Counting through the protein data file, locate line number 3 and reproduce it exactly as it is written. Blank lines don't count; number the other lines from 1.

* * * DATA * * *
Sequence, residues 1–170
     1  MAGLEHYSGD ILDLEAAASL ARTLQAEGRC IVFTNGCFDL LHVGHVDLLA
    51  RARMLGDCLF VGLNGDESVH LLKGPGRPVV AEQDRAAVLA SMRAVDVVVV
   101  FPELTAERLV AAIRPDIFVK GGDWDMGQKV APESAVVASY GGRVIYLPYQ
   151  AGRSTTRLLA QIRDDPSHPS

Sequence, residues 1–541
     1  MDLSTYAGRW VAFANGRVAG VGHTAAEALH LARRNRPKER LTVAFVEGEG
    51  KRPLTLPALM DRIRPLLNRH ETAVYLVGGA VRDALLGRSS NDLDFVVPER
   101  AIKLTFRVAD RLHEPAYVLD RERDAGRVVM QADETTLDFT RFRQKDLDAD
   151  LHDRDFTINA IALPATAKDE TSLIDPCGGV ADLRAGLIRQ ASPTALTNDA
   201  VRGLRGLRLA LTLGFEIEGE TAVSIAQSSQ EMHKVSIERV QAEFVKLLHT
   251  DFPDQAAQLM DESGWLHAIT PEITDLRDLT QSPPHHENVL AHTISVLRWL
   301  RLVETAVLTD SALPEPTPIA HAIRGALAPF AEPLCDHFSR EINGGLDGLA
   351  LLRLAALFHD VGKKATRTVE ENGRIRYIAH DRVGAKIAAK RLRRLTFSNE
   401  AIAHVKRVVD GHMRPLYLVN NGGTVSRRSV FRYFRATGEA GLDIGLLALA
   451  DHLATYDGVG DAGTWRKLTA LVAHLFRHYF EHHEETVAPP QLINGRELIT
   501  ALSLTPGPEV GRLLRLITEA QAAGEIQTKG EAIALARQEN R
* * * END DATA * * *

    51  RARMLGDCLF VGLNGDESVH LLKGPGRPVV AEQDRAAVLA SMRAVDVVVV